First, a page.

The Biden administration’s website for ordering covid-19 tests is finally here, a little less than a month after the president promised he’d be offering millions of tests free of charge to citizens across the country. But not everyone is having an easy time with it. Folks living in apartments and multi-family homes, in particular, are reporting issues ordering the four free tests the site promises. Luckily, the U.S. Postal Service wants to help.
While officially set to launch on Wednesday morning, the site quietly rolled out in beta on Tuesday, in “limited capacity,” as one White House spokesperson put it. In an interview with NBC News, the spokesperson noted that limited launches were “standard practice to address troubleshooting,” in order to ensure a smooth rollout come the following day. And apparently, that beta version still had some kinks that needed to be worked out.
The big issue, as many folks on Twitter quickly realised, was that those living in multi-unit buildings — like apartments, for example — were getting error messages saying that tests had already been ordered for their address. As the USPS site explains, households in the U.S. are allowed to order one set of four tests from its site at a time. Apparently, the site was registering different apartment or unit numbers within one building as being under the same address, leaving unnumbered people unable to get the tests they were promised.
And like most aspects of the pandemic, this is an issue that disproportionally affects the poor. In major cities like New York, for example, affordable housing typically takes the form of multi-unit dwellings and apartment buildings. Even outside of those cities, there are countless impoverished and lower-income families that squeeze multiple generations under one roof just to make ends meet.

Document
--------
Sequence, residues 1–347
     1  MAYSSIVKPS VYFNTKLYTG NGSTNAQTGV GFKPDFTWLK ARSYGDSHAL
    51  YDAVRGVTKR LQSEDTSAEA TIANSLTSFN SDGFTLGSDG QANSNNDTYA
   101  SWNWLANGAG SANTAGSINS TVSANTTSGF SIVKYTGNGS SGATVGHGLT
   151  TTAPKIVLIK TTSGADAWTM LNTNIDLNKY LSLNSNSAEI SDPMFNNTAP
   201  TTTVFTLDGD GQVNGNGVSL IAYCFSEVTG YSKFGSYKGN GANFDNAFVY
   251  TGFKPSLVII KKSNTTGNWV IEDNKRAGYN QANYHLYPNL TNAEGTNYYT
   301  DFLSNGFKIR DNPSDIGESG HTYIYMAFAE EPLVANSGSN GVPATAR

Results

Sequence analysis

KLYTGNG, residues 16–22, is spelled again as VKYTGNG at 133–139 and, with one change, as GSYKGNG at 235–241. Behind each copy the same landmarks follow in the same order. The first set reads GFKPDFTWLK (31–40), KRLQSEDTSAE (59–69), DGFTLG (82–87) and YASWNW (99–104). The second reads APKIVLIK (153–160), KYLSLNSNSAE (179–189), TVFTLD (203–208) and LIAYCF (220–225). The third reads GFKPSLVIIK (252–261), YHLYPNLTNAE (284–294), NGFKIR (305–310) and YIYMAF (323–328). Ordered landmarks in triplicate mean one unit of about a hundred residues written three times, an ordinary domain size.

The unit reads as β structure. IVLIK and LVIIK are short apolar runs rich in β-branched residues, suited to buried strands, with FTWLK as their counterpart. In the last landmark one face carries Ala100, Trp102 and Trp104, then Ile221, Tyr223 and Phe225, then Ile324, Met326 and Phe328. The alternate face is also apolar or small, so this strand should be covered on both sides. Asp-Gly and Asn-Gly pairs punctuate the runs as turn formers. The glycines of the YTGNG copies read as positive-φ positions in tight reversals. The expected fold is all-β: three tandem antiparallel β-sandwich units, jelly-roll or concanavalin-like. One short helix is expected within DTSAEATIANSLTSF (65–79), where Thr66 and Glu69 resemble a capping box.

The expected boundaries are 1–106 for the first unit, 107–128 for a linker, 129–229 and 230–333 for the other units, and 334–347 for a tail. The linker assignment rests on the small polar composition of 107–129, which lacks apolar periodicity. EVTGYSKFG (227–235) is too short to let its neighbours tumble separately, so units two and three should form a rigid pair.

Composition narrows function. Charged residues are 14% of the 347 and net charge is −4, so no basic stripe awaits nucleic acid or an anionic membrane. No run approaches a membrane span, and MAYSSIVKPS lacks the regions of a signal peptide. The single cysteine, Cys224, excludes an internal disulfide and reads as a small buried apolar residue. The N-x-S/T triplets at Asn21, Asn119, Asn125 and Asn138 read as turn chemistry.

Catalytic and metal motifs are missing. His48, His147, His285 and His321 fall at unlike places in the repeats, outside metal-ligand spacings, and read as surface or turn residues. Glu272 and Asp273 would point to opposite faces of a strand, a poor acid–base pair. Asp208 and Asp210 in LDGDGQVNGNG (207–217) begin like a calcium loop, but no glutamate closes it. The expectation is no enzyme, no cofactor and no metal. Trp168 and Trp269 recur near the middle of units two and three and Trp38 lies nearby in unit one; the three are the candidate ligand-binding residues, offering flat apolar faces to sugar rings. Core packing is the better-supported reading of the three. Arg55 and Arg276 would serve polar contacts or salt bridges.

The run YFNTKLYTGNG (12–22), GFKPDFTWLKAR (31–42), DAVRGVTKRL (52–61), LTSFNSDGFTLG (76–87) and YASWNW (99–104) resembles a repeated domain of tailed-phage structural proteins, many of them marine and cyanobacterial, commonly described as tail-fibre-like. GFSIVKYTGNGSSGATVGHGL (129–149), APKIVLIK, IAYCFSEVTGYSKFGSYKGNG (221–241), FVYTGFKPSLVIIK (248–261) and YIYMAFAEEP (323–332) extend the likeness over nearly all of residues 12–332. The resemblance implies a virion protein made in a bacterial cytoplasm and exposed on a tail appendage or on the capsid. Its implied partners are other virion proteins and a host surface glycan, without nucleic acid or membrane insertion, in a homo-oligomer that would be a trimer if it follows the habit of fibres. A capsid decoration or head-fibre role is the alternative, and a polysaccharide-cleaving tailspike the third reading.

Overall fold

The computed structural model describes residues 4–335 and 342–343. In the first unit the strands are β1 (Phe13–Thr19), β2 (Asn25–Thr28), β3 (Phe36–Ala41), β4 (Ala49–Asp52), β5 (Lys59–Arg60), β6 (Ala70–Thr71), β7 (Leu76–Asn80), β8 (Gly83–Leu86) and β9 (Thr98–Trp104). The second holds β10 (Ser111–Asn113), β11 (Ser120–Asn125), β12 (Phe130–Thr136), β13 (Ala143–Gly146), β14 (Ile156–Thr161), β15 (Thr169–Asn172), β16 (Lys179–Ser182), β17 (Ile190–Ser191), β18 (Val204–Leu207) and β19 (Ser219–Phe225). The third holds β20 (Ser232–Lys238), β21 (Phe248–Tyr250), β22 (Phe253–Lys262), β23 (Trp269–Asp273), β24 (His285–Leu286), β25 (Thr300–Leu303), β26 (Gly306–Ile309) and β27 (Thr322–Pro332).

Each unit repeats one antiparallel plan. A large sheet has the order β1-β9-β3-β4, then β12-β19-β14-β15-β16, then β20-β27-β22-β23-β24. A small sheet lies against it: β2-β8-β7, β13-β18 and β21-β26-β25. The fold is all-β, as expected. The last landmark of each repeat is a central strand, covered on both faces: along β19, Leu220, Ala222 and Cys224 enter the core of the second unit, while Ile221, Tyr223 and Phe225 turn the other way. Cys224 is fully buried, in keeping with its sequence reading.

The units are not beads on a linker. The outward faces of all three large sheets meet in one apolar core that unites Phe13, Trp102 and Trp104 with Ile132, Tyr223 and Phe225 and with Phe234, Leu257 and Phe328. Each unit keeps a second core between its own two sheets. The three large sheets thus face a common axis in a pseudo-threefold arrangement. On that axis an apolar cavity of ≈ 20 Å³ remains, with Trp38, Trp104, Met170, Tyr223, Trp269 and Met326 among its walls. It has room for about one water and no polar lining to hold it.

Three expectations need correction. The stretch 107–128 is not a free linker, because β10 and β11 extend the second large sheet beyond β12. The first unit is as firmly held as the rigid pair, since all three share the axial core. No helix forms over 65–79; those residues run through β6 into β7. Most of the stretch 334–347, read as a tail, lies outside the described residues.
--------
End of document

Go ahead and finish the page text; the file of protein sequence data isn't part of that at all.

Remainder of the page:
Also at the short end of the stick are the countless lower-income people that can’t afford decent internet access; while the Biden administration initially promised that these households would be able to phone-in orders from a dedicated hotline, that number doesn’t seem to be up and running as of Wednesday. Speaking anonymously with Politico on Tuesday, an administration official said that the call line would be ready “by week’s end.” The same official added that the tech issues were “not widespread” and that orders were being prioritised for those in areas “facing disproportionate covid-19 cases and deaths” this early on.
White House press secretary Jen Psaki echoed similar sentiments during a Tuesday press briefing, noting that “every website launch […] comes with risk.”
“We can’t guarantee there won’t be a bug or two,” she went on. “But the best tech teams across the administration and the Postal Service are working hard to make this a success.”
Granted, the best tech teams that previous administrations offered us haven’t necessarily set the best precedent. The launch of Healthcare.gov under the Obama administration, for example, was plagued by countless site crashes and lengthy wait times from the millions flooding the site. Since then, we’ve seen countless other federal sites hit by their own hiccups as well.
Thankfully, if you are having problems ordering your covid-19 rapid tests, the USPS — the agency handling the orders — recommended to CNET “filing a service request at https://emailus.usps.com/s/the-postal-store-inquiry or contacting our help desk at 1-800-ASK-USPS, to help address the issue.”
Biden’s new site also offers people options if they’re frustrated with what the page has to offer right now. It includes links explaining to users how they can get their health insurance to reimburse up to eight tests each month per person on a given plan, while also directing people toward a list of the more than 20,000 free covid-19 testing sites across the country. Like the aforementioned website, some testing pop-ups can be rife with their own issues — long lines, questionable cleanliness, and more, depending on which company is doing the testing when you arrive. But at least for the time being, these pop-ups and buggy sites might be the best America has to offer.
Editor’s Note: Release dates within this article are based in the U.S., but will be updated with local Australian dates as soon as we know more.